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Posts Tagged ‘Spirit’

I was reading Hebrews today, and this verse:

 

Hebrews 10:22, “Let us draw near with a true heart in full assurance of faith, having our hearts sprinkled from an evil conscience, and our bodies washed with pure water.”

 

made me think of something.

 

I’m not going to even start to say I know exactly what it means.  But what it made me think of was Manichaeanism.  I know that most of my readers are very intelligent scholars who know terms for ancient heresies.  And if they’re not they are the independent learners who stopped to Google the word before reading another sentence.  And if they’re not, they’re wondering why I bothered using a word that my audience doesn’t know, and hoping that I mean to tell them more about it.  I do mean to.  That ancient heresy was related to Gnosticism, but specifically it taught that salvation came by escaping the flesh.  Flesh – body – material things, they were bad.  And yeah, if you want to know about it, I find Wikipedia an exciting source of information about theology.  (I’m not kidding!)

 

The verse in Hebrews has to do with that in that it mentions our hearts sprinkled (by the blood of Christ, metaphorically) accomplishing spiritual purification: regeneration (Titus 3:5 anyone?) and forgiveness (1 John 1:9 – all these “clean” words).  But it doesn’t ONLY mention that spiritual thing; it mentions having our bodies washed.  And that’s weird.  The rest of the chapter and the one before it were talking about how under the Old Covenant things were sprinkled with mortal blood; that blood was a picture of Christ’s blood, and our things down here: temple, book, priest are pictures or shadows of the original things, the eternal things, the spiritual things.  (Things that are seen are temporal, but the unseen last – and last goes on and on because there is nothing coming after to displace it – I’ve been reading Pilgrim’s Progress, too.)  All of a sudden in verse 22 he says something not about sprinkling with blood, but about washing with pure water.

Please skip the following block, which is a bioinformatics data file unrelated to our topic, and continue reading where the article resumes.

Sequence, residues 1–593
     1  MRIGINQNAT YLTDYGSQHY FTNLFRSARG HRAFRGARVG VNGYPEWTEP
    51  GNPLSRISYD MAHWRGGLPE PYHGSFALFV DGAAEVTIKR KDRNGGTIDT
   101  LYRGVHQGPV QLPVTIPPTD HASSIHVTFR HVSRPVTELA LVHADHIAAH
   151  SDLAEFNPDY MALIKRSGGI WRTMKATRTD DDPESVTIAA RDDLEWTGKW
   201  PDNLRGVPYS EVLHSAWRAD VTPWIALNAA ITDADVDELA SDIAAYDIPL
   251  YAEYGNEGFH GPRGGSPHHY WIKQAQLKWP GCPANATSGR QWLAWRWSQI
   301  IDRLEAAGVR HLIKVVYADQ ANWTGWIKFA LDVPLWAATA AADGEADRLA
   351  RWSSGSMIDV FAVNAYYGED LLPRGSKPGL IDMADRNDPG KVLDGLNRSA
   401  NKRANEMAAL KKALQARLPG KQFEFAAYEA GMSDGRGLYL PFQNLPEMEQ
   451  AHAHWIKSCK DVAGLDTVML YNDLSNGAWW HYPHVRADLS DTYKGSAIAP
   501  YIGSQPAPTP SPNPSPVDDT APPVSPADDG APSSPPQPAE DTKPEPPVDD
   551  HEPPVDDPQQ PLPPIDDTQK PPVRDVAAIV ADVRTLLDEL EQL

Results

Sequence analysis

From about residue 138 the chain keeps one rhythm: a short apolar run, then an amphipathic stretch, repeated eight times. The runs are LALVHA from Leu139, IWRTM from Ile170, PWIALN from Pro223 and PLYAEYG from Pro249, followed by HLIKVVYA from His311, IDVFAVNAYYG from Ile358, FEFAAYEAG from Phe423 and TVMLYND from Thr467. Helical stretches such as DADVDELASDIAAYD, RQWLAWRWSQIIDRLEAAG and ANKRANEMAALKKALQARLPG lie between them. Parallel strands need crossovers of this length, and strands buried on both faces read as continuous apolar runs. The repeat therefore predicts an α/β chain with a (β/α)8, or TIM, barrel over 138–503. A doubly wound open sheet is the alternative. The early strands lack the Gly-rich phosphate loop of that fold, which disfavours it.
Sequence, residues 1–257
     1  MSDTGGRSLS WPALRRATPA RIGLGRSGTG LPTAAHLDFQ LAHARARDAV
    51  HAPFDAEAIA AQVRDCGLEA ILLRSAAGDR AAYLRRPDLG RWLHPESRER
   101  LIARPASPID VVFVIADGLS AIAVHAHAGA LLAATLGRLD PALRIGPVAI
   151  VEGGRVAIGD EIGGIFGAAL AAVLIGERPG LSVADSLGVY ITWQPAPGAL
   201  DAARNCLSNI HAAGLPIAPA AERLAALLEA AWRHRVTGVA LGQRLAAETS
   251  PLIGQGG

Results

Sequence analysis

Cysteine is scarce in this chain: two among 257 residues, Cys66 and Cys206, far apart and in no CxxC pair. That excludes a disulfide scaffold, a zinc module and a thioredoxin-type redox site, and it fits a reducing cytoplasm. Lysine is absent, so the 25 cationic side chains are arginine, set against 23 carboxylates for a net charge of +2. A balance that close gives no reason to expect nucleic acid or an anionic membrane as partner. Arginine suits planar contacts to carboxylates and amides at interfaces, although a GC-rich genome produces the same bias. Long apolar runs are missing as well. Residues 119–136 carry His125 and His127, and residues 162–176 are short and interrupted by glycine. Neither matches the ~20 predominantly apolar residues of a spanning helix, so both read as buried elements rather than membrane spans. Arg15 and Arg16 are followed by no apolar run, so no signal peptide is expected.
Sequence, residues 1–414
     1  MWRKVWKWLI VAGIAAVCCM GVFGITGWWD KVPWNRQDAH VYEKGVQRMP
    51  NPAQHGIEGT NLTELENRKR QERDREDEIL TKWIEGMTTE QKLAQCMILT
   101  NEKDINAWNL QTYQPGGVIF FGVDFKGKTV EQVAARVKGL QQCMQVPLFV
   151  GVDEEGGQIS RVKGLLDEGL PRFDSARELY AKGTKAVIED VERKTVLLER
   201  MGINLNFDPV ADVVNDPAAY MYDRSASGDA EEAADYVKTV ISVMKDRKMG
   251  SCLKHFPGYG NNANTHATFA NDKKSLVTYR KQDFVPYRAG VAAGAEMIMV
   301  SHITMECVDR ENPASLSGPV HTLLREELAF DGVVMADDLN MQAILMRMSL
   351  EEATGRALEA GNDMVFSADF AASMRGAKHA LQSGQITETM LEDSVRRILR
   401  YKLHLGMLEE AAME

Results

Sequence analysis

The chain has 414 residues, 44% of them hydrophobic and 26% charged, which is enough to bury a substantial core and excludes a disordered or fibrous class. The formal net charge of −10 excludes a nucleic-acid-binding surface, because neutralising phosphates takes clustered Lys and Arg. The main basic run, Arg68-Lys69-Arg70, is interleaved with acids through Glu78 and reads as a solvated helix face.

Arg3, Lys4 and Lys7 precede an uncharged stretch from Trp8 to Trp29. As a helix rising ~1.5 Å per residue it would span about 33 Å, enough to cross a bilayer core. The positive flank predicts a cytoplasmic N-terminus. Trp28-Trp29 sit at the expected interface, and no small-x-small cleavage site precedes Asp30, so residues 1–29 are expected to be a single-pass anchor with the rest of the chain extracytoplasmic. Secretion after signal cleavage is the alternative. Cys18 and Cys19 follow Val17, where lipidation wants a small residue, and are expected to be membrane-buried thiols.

Now, I’ve been doing a ton of thinking about baptism lately, and studying it too, and discussing it even, so my brain sort of goes that way when anything like baptism is mentioned.  I’m not going to say that the author of Hebrews was talking about baptism.  I don’t know if he was.  And I’m not going to say that baptism, the kind where you’re washed with water, saves you.  (This is because I don’t really believe that, even though, um, some parts of the Bible kind of say that baptism has to do with salvation, like Mark 16 and Acts 2.)  But if we keep with the flesh and earthly things being shadows of the eternal, like Hebrews is teaching, then salvation isn’t escape from the body.  Rather, we use our bodies to picture eternal spiritual realities.  And we make it real in the flesh.

 

I liked this thought – and really for me it was only one quick thought because all the other things I added in for your sake had already been founded for me over the past few weeks – so I decided to share it.  And I know that it confused a bunch of you readers, so I’m sorry.  I can’t say that I totally get my thought anyway; it’s more like a door into lots of thoughts that, if you are ever in the same room with me, I’d be happy to discuss, especially if we are eating at the time.  I’m not a Manichaenist.  (How many syllables do you need in one name for a cult, anyway?)